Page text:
Last year, Yaffa De Goede, a volunteer in the Leo Baeck high school library, brought in a book written in English called “I Came Alone,” comprising over one hundred testimonies of children from the Kindertransports. She thought it would be educationally beneficial if someone would translate these testimonies into Hebrew in order to widen the readership of this important book.
Ruthie Almog, an English teacher and translator was asked about taking on this project. She and the director of the library, Dr. Ruth Ash, came up with an idea to offer the students to tackle the task with their guidance. Dr. Ash sent an email to the Leo Baeck high school students to see who would bite the bait. To their delight, twenty-seven students took it upon themselves to translate 3-10 testimonies each. After receiving the blessing of the family of Bertha Leverton, the editor of the original English compliation, we began the translations.
The students met with Ruthie Almog after translating a story and went over their work while learning the subtleties and nuances of translation and discussing the linguistic, factual and emotional differences in the testimonies. Each translation was then sent to Dr. Ash for the final editing.
We were fortunate and privileged to host Ms. Alisa Tennenbaum, Chair of the Israel Kindertransports Association, in the Leo Baeck library at the end of our project and to hear her full testimony.
The Holocaust Memorial Day in our school this year was dedicated to the children of the Holocaust, especially those who were part of the Kindertransports. A number of especially poignant translations were read aloud by the students at the ceremony against a backdrop of drawings done in Mr. Yonathan Bar-On’s English classroom as part of the Centropa project he leads.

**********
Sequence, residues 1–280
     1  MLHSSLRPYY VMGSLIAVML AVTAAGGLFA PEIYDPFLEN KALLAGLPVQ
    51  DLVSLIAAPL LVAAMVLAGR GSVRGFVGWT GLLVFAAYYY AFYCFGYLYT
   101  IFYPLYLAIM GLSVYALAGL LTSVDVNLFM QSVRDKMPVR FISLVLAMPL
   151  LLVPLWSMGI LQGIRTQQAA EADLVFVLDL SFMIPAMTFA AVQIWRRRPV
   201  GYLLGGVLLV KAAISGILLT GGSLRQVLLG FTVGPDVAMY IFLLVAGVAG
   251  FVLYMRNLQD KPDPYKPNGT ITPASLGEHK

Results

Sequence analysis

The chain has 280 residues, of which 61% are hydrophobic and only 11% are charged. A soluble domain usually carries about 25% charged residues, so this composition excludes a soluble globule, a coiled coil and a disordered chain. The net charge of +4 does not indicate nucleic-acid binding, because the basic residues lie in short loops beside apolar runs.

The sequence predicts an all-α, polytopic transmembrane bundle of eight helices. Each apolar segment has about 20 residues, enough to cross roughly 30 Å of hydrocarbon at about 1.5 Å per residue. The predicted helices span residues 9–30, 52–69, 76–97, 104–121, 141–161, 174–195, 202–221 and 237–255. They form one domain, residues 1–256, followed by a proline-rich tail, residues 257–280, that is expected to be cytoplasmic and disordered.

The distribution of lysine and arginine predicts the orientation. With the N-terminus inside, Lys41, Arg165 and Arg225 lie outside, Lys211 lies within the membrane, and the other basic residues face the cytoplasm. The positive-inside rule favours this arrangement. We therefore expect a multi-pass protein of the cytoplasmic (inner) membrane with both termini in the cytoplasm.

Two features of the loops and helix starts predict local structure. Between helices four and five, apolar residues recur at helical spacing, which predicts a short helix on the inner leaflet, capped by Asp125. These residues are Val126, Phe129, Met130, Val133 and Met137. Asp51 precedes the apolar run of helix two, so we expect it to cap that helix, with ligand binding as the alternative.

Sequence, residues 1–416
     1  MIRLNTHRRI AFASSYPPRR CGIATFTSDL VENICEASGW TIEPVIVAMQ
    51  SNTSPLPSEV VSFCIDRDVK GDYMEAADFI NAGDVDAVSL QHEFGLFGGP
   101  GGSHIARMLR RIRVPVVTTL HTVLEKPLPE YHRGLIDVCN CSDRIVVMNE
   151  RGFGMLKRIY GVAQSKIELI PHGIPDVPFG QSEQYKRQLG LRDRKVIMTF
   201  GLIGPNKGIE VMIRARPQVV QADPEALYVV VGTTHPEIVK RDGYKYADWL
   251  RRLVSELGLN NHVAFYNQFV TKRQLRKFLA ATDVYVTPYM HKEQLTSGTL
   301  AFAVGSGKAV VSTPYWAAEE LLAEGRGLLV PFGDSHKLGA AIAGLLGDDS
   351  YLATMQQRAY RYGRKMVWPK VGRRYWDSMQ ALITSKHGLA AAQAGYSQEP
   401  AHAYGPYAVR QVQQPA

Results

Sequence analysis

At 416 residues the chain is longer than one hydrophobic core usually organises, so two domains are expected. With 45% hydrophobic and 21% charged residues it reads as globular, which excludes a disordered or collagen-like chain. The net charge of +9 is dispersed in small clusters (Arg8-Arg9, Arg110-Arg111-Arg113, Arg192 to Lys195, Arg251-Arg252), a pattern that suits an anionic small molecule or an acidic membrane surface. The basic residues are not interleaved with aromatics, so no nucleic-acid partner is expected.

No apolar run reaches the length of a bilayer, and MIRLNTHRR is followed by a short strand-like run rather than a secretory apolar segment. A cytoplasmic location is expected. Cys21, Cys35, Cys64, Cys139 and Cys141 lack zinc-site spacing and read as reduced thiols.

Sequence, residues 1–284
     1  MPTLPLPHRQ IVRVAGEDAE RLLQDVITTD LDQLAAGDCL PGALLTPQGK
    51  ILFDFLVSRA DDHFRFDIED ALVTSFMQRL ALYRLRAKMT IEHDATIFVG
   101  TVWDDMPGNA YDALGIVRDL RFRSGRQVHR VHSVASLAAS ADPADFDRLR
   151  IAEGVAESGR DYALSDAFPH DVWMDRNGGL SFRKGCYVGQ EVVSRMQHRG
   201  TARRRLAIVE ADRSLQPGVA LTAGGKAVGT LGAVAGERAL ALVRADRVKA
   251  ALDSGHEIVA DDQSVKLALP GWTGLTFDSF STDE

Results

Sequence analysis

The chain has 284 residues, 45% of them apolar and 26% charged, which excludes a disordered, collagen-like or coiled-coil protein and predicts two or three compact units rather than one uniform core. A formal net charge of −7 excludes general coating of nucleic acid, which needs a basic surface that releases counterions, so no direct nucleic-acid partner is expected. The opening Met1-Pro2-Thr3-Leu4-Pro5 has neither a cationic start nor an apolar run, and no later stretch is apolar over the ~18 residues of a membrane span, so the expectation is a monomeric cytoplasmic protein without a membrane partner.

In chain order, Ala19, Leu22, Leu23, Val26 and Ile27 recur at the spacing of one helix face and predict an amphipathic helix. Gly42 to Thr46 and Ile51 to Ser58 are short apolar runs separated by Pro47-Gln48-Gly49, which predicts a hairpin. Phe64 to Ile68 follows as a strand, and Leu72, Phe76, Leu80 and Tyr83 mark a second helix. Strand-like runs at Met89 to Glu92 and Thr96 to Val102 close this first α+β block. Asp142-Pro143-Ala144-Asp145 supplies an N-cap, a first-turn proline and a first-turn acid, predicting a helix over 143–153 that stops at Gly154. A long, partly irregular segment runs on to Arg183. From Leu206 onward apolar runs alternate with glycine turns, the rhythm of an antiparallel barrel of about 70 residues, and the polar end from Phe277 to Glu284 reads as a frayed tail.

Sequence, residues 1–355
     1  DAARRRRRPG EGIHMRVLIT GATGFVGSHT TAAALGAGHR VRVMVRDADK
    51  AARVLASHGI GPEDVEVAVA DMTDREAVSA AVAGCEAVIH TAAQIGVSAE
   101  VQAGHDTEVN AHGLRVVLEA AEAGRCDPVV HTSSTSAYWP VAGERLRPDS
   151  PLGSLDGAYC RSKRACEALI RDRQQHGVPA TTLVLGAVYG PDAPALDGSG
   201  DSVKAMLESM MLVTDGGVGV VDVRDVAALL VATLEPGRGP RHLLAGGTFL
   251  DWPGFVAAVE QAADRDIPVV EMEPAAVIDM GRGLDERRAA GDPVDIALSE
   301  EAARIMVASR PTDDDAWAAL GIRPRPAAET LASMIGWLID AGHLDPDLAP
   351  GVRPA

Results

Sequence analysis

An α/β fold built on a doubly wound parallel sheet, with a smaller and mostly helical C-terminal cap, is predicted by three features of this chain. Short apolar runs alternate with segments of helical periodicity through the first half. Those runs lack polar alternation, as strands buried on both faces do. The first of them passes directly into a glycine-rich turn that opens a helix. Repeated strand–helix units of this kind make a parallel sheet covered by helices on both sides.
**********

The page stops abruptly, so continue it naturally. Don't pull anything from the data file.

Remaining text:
Three students, Ofer Bar, Roi Zohar and Ilan Goltman, simultaneously created a website documenting all of the translations and any other information discovered about the Kindertransports writers.
Meanwhile, unbeknownst to us, Dr. Ash shared our project with Yad Vashem. Subsequently, two members of the Yad Vashem Education Committee visited us and interviewed us about the process. We were notified a few weeks later that we had, in fact, won the Prize for Excellence in Holocaust Education and were invited to the annual ceremony at Yad Vashem in order to receive the prize.
On June 14th, four of the student translators, along with Dr. Ash, Ruthie Almog, Yonathan Bar-On, Alisa Tennenbaum, and Yaffa De Groede, traveled to Jerusalem to Yad Vashem where we received the prize. We were honored and thrilled that our project had received this level of recognition. Next year we hope to use the translations in other classes, such as history, civics, and education, and perhaps share the testimonies with classes in the lower grades.
Written by: Ruthie Almog, English teacher and professional translator, and Yael Kastel, high school student